Behavioral ecologists tell us that blue jays use their crests to communicate their levels of aggression and arousal in social situations. As very social birds, the ability to communicate their feelings and intentions is very important. The same goes for us!
In observational field studies, jays raised their crests more often when alarmed or having aggressive interactions with other birds. Their crests were down when they were taking care of chicks, interacting with family members, or spending time with their mate. Thus, the higher the crest, the greater the level of aggression.
6. They are really into “anting”
Have you ever heard of anting? While this weird phenomenon requires its own post, it’s worth mentioning here. Anting is when a bird intentionally exposes itself to a nest of ants. Often, the bird will take an ant in its bill and rub it on its feathers as if grooming itself. Additionally, the bird lays itself down in an area with a lot of ants so that they will crawl over it.
Blue jays are well known for this behavior. If you ever see one with its wings spread and tail bent under its legs on the ground, that may be what it’s doing!
Scientists have also been baffled by this behavior through the years. A study in 2008 showed that blue jays don’t rub ants on their feathers if the acid from their stingers is removed. That would imply that the formic acid in ant stings is important; either the jays are removing it to eat the ant, or using it to combat pests on their feathers. Since blue jays often eat the ants they rub on their feathers, it may be a form of food preparation. After all, ants can be a very nutritious meal!
7. Blue jays aren’t technically blue
This one is a bit of a mind-bender. While it is absolutely true that blue jays will appear blue to our eyes, this isn’t technically because of a pigment. Unlike other natural colors the green used for photosynthesis or brilliant fall colors, blue-jay-blue doesn’t come from pigment. Instead, this blue comes from microscopic structures that scatter light and make it come across to our eyes as blue. Bill and Bob at the Nature Guys Podcast did a great episode on this, check it out below:
8. They have neat cousins all over the world
Did you know that there are lots of other kinds of jays in the world? Depending on where you end up, you might find:
- Green jays (Cyanocorax yncas)
- Gray jays (now more often known as Canada jays; Perisoreus canadensis)
- European jays (Garrulus glandarius)
- Siberian jays (Perisoreus infaustus)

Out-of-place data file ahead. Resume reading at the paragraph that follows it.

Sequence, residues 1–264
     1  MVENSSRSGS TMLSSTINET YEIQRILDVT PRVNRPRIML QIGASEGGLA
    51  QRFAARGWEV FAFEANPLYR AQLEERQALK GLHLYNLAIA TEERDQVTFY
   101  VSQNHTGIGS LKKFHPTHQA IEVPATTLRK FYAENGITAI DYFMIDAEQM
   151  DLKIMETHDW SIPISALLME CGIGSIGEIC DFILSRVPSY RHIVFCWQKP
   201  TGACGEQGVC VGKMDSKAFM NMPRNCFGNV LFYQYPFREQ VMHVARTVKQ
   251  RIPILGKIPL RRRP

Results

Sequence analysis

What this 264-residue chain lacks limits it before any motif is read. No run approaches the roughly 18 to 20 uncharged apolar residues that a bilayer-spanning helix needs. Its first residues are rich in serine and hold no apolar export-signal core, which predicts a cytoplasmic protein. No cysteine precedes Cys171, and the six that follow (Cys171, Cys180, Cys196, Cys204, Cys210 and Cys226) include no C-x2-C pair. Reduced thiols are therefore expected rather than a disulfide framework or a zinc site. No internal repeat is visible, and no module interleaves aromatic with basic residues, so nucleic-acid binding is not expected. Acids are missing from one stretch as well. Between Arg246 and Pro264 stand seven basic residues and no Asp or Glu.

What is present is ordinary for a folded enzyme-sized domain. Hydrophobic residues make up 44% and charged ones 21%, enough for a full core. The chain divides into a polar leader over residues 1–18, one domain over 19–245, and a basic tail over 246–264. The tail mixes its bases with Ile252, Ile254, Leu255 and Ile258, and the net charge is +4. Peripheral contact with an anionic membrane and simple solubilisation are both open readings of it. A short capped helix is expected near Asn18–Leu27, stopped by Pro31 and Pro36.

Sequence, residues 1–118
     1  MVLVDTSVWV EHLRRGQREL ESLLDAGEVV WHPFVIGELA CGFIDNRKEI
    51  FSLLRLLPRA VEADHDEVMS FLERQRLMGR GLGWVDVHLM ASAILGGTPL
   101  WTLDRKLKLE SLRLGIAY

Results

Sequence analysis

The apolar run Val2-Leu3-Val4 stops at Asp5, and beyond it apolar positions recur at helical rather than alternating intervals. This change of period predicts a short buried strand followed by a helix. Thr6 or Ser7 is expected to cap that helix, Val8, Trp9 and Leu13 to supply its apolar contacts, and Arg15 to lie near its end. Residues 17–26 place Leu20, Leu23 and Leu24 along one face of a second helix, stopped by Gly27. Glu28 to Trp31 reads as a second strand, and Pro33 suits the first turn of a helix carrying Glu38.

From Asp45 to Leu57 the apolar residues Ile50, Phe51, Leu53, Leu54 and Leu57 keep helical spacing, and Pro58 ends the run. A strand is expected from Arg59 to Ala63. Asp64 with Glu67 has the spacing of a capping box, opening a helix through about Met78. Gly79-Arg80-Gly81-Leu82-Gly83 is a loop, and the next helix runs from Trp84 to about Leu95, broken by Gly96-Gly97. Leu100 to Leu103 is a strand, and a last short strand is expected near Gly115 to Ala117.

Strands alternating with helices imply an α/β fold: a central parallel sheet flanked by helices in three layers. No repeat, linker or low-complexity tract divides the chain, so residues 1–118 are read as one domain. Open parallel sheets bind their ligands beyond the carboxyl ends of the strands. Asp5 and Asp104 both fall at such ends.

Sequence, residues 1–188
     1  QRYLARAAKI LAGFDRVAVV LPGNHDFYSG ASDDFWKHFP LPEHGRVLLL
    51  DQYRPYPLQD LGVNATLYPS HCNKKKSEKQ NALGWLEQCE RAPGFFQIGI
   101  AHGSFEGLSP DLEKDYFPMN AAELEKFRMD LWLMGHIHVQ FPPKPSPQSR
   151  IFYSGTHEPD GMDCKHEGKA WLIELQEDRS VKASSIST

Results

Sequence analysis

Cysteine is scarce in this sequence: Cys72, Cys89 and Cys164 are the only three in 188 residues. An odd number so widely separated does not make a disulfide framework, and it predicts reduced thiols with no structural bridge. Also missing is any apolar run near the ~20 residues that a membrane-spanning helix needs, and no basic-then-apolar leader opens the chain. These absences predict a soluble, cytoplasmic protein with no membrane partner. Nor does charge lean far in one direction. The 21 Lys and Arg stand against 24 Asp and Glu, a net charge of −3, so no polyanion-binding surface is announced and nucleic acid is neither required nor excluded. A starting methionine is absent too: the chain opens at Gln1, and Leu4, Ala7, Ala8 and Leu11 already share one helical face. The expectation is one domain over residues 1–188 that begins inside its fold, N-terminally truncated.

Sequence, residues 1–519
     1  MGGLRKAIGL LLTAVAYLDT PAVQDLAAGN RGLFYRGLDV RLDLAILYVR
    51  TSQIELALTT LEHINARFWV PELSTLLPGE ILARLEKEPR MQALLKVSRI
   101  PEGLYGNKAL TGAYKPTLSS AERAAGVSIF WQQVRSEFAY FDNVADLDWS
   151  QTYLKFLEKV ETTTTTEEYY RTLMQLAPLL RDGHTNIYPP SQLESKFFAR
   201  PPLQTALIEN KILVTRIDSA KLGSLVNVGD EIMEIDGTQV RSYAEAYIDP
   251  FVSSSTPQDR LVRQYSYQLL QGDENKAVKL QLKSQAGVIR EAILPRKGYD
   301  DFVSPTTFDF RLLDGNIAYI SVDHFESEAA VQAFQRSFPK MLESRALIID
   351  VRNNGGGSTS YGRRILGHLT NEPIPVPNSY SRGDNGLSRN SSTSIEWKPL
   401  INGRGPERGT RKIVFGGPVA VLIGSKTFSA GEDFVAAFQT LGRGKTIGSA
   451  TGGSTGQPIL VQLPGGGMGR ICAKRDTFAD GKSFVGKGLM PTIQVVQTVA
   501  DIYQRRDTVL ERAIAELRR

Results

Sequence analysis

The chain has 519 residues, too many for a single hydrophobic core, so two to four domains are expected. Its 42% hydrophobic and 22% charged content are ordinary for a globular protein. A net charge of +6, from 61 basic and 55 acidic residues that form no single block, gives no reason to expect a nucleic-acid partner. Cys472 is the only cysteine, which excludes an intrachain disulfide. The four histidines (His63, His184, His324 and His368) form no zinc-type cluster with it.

- Brown jays (Psilorhinus morio)
- Azure jays (Cyanocorax caeruleus)
- Scrub jays (genus Aphelocoma)
- Steller’s jays (Cyanocitta stelleri)
Most of these share many common jay characteristics and are equally entertaining to watch. Next time you travel, keep an eye out for any of these neat blue jay relatives!
9. Blue jays are excellent naturalists
As I’ve mentioned before, it can be really hard to find food in nature. This is true even for omnivores and opportunists like blue jays which take what they can get. During the spring and summer, caterpillars are a hugely nutritious food source as they chow down on tree leaves. Of course, lots of predatory animals know this, so caterpillars have many ways of defending themselves.
One of these ways is by crypsis. This is a fancy scientific name for “being hard to see”. In other words, caterpillars try to hide their presence so predators don’t find them. One way that they do this is by hiding close to stems on the plants they eat during the day. Then, they come out at night to eat.
However, they do leave signs behind that can betray their presence. For example, obvious damage on the leaves of plants that they are eating. Fascinatingly, researchers observed that blue jays and other birds can cue in on this leaf damage while hunting for caterpillars. Just like an experienced naturalist, they notice these signs first and then find the culprits for a nutritious snack.
10. They can use tools
Since blue jays belong are corvids, belonging to one of the brainiest families of birds, we can expect them to be clever. Fascinatingly, this may even go as far as their using tools! Although it has never been documented in wild jays, domesticated jays may readily use tools. This is typically considered a hallmark of very high intelligence among animals. In fact, it was once considered a primary factor distinguishing people from other animals!
As we now know, a broad range of other animals can do it. And apparently, these beautiful blue loud-mouths can too!
Thanks for reading wild facts about blue jays!
Have you had a cool, recent experience with blue jays? Let us know in the comments! If you have questions or other requests for Wildlife Spotlight posts, shoot me a message using the Contact page.